On the appointed day I was up early to get the shed sorted out and then off to the vets. All scrubbed up, pre-op done and it was into the theatre. The little chap on the table was firmly held by the veterinary nurse, his head was inserted into a cone-shaped mask and the gas turned on; he meekly struggled for a few seconds but soon gave in and after a few paw squeezes with no reaction out came the sterilized tool kit. The little man (soon to be littler!) was laid on his back and the belly area shaved free of fur. Next, a hand-held vacuum was used to suck up all the unwanted fluff. I thought this was a great idea as every last trace of fur is accounted for thus avoiding any chance of infection later on. A circular hole was then cut in a sterile cover and after the incision area was treated with a triple sterilized wash, placed over the 'op' site. Out came the scalpel and a small half-inch cut was made about the same distance from the scrotum which was then gently squeezed to allow the testicles to come back to the incision point.

The two tubes, for want of a better word - one carries the blood supply, the other, sperm - were duly tightly tied off and the testicles cut off (I didn't cross my legs honest!). The site was tidied up and the incision stitched up with three very neat stitches. The gas was turned off and pure oxygen given. After a minute or two he started to stir and after a few more seconds, was fully conscious.

A great experience for me (if not for him) but it was for his own good.

During our chat whilst the operation was going on it came to light that there can be problems and that it isn't always that straightforward. It seems if there is only one testicle in the scrotum a search for the other can be a little complex as the tubes have to be traced into the stomach to find the other testicle and this can be quite time consuming. As a bonus for being such a good observer I was invited to see a spay when we had one to do. This is a more in-depth and interesting operation so I shall have to pester Michelle - nothing new there - for a jill she wants doing.

Meanwhile, a few weeks later a group of five arrived. Upon inspection by Michelle, it was discovered that all was far from well with one of the hobs....or was it? Was this a chap or chapess? It was a hermaphrodite (neither male nor female) interesting to say at the least! Coco, as he/she had been named, had no penis in the usual place but instead it was part of the vulva. Imagine a vulva with a penis in the centre - a bit like a jill in season.

A visit to the vets confirmed that Coco was indeed in a class of his/her own. During the examination the testes were located, one in each groin area and a castration was recommended. "Would you like to watch?" Dave asked.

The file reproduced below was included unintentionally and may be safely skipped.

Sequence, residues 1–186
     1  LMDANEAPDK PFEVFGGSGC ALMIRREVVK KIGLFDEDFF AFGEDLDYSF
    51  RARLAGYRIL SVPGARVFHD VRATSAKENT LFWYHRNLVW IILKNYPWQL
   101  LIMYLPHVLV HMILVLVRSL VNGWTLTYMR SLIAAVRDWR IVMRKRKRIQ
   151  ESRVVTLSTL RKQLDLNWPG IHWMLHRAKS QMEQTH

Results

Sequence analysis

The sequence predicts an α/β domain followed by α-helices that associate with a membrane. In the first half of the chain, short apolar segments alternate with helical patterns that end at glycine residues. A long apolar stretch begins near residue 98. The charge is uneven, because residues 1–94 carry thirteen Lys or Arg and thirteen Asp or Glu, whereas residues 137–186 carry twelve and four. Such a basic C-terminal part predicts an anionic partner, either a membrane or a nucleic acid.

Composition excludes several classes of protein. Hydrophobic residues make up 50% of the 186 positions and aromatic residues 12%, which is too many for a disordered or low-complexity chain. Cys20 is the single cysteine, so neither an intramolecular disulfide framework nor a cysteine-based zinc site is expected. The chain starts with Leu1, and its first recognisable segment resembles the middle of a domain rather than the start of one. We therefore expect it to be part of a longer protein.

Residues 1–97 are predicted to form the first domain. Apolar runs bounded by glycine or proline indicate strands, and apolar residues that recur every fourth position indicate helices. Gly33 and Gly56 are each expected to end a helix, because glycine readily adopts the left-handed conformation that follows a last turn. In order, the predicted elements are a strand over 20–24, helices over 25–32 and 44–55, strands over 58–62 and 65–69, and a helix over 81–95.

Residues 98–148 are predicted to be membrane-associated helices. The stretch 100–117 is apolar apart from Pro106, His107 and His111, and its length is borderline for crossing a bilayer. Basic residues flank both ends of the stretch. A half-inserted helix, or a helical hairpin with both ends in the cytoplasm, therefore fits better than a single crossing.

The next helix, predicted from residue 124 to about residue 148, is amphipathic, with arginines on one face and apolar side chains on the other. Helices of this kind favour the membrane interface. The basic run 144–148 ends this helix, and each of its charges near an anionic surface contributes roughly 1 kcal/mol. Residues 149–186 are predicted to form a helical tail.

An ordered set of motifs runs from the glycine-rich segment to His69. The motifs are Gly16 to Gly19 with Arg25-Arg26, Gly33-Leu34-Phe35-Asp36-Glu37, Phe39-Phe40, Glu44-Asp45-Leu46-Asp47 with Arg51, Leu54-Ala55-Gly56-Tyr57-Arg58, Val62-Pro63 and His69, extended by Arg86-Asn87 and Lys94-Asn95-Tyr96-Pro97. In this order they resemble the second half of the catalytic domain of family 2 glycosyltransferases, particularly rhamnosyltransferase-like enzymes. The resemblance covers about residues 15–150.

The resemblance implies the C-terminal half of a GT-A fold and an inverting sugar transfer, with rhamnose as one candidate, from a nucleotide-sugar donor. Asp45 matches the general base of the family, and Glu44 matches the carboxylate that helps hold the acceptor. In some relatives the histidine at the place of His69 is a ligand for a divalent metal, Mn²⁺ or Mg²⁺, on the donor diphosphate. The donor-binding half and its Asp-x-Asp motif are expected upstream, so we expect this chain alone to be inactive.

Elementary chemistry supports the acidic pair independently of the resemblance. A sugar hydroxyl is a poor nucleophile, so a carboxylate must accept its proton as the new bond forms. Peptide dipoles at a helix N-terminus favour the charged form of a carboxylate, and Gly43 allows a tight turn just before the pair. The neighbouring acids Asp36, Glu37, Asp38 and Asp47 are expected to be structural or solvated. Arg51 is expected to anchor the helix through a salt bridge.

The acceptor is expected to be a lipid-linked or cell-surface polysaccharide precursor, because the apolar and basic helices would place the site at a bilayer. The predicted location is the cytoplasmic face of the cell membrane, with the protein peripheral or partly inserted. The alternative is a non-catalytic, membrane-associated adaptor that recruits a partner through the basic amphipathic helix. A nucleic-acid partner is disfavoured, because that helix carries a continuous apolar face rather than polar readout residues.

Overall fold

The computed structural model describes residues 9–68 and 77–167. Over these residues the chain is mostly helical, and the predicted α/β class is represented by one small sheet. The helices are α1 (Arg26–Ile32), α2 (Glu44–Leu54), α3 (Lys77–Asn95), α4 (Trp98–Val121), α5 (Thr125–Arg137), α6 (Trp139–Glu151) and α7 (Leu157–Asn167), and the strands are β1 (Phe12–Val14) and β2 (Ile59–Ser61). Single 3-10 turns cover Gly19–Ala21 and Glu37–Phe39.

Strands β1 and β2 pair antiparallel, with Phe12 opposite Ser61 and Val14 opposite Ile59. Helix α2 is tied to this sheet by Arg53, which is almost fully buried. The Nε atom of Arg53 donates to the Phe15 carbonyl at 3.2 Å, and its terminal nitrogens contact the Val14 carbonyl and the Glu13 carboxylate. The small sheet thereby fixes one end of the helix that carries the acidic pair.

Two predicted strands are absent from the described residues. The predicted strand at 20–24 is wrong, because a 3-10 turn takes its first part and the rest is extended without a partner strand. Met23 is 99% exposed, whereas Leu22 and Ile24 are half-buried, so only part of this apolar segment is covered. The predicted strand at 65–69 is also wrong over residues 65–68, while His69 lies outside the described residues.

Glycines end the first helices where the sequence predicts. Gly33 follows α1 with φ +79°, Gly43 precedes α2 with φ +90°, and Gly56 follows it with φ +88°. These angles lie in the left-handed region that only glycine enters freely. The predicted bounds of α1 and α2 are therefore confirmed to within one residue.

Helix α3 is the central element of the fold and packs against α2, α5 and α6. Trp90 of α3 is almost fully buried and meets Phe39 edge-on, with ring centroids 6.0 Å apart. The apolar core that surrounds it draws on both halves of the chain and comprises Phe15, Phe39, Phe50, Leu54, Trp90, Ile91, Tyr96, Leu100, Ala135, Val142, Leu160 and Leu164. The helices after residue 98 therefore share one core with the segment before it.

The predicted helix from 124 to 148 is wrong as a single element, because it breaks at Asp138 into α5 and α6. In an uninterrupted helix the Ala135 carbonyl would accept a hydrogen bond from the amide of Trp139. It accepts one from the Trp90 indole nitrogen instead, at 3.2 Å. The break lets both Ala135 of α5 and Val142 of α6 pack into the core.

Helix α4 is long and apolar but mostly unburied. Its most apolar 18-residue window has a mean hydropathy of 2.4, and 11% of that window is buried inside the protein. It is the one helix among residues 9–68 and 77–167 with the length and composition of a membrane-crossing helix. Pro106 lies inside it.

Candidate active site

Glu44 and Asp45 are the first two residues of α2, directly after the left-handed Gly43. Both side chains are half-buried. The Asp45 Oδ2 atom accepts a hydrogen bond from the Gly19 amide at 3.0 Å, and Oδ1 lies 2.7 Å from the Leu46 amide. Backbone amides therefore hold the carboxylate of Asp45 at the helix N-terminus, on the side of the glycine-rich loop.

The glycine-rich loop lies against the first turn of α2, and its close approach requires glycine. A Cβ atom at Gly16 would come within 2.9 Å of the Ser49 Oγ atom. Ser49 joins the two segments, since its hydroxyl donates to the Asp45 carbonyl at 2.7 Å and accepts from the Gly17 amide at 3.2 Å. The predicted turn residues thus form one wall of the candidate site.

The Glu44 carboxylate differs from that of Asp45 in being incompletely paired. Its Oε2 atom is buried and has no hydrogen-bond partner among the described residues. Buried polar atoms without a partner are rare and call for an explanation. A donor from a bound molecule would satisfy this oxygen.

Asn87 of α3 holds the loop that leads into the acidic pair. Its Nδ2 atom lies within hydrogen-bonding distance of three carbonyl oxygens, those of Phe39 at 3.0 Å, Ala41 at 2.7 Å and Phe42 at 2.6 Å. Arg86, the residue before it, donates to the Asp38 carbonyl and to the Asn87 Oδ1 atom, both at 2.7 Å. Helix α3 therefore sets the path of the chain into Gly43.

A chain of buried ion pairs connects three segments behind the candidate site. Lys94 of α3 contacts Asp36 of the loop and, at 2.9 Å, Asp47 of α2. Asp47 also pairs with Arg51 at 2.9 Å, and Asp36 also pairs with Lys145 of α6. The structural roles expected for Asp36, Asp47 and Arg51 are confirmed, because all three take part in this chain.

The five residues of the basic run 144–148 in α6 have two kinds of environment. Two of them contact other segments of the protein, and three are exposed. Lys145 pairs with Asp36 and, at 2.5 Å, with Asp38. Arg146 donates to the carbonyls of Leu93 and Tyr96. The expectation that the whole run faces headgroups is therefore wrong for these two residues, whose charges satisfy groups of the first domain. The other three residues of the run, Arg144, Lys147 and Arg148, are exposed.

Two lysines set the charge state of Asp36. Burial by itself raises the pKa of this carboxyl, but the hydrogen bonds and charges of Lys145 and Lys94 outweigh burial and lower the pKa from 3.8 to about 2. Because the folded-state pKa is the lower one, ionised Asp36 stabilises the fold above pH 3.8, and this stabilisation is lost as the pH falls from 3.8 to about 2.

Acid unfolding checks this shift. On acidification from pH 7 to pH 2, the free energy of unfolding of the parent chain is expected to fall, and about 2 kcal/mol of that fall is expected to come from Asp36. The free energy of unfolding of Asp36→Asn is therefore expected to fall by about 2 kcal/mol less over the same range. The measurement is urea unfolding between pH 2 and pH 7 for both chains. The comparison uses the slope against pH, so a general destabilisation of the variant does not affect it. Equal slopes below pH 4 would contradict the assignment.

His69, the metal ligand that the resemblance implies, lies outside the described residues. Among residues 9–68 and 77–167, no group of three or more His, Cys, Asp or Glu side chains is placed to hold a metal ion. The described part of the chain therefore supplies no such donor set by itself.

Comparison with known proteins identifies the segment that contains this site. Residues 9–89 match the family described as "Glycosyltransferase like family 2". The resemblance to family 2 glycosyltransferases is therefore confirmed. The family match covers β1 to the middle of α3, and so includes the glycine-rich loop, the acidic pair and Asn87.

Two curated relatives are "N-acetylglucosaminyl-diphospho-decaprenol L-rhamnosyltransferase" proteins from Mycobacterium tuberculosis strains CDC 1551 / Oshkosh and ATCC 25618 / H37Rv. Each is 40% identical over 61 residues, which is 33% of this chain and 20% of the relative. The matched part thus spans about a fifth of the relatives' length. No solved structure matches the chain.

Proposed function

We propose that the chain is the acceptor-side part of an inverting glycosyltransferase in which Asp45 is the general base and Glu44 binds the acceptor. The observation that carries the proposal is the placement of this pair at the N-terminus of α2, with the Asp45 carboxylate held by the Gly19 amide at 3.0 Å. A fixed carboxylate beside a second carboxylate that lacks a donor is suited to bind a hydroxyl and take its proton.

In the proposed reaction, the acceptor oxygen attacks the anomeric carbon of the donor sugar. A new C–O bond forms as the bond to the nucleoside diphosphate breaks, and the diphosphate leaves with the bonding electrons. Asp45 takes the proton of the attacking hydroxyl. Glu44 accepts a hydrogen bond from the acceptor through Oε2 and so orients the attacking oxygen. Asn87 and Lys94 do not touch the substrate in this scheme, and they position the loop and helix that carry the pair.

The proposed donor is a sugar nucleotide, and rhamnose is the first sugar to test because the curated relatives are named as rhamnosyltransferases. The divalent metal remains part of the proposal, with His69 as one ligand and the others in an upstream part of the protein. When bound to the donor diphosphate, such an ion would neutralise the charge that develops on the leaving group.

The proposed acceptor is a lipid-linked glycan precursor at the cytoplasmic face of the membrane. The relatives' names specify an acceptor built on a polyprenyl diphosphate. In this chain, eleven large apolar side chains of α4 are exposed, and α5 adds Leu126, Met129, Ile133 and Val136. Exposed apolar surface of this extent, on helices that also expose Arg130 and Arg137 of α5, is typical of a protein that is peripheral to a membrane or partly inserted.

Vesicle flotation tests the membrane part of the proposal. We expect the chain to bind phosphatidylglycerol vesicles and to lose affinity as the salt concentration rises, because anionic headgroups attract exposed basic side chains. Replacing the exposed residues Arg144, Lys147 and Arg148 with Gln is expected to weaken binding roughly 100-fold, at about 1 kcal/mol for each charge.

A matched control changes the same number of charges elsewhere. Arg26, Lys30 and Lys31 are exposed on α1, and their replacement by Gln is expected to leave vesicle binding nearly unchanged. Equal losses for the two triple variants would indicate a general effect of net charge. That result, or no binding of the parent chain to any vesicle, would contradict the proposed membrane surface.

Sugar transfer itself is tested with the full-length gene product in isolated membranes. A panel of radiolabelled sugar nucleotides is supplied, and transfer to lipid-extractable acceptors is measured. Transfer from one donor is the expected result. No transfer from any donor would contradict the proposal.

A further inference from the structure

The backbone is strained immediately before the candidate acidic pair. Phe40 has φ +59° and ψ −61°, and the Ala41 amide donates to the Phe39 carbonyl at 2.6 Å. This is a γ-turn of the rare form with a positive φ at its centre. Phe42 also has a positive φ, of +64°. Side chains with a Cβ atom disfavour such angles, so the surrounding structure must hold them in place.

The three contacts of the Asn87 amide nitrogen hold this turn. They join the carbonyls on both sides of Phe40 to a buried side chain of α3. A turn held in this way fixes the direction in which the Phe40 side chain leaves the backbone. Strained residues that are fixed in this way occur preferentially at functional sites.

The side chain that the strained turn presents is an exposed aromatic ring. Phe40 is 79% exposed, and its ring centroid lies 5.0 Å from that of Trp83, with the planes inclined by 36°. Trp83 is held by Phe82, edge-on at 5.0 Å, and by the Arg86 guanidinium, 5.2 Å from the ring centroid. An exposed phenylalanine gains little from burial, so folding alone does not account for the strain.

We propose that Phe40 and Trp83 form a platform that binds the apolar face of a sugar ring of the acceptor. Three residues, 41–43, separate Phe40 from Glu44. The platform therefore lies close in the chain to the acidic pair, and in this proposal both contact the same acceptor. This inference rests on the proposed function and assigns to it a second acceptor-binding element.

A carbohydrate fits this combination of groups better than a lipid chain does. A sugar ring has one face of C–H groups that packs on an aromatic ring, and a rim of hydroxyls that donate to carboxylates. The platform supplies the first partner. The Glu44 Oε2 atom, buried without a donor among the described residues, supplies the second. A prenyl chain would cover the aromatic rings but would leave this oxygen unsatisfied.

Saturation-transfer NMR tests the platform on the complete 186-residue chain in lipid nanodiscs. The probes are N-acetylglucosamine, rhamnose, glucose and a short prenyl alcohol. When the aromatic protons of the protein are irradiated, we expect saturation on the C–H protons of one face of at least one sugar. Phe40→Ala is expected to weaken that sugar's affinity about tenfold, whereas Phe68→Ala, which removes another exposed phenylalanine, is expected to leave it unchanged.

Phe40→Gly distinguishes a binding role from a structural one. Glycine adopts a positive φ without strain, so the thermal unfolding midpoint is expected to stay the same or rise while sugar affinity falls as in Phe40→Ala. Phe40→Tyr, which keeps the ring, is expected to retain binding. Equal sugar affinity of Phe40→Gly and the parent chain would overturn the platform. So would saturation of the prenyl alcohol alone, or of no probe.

"Very much" I hastily replied, so the date was set for 7th April, 2011 at 0800 hours. Meanwhile, Michelle had said that she would like to see the operation as well so I tentatively asked if this would be possible. After a few seconds thought, Dave agreed.

On the day in question, Michelle arrived at my place bright and early and we set off to the vets. To be honest I wasn't too keen on Michelle coming. Why? Well in her own words, "I don't do blood!" I need not have worried though, as she stood up to the test very well; there's not a lot of the red stuff anyway, the most being when the testicle is severed from its blood supply. Anyway, back to the operation.

The little chap - let's go for a 'he' - was put into the land of nod and the testes removed from both groin areas but it did take longer than a normal castration as there were two cuts and two lots of stitching, but the vet didn't charge Michelle any extra which was great. Once completed he was transferred from gas to oxygen and once awake and breathing normally, taken to the Recovery Room, where he spent the rest of the day tucked up in a nice warm fleece.

He's made a full recovery and is back to his normal self. He still thinks of himself as a boy as he goes into fighting mode when introduced with other males, which is a shame as I was hoping to introduce him into one of my mixed groups. Nevertheless I will keep trying, who knows.....

A few weeks later and I was invited to observe a spay which is a much more complex and interesting operation. This was performed on a little sandy jill who, guess what, is now living here with Val and I! We are now up to twenty-two wonderful ferrets, most of which come from you-know-where!

I am very, very grateful to our vet Dave and to Jane his veterinary nurse who initially asked for me. Thank you both very much. I told Dave that I am more than prepared to stand in and do the above operations any time they are short staffed; to date (January 2012) I've not heard anything. Hmmmmmm!!!

Not another?! You couldn't make it up if you tried, but a few weeks after all the ops had been done, Michelle had a couple in that were to be spayed so as usual the appointment was made and the two little girls taken to our vets for their ops. Nothing new! All was well until one of the vets at the practice rang to say that one little girl, an albino, had no reproductive organs. This was very strange as she had been in season when she arrived at Michelle's and had been put with a vasectomised hob to bring her out of season a few weeks earlier. Upon further investigation the vet discovered some testicles, which were duly removed; whether she/he will come into season again remains to be seen. This means of course that in a matter of months Michelle's rescue have had two hermaphrodite ferrets. Incredible! We may never see another one.

(First published May 2012)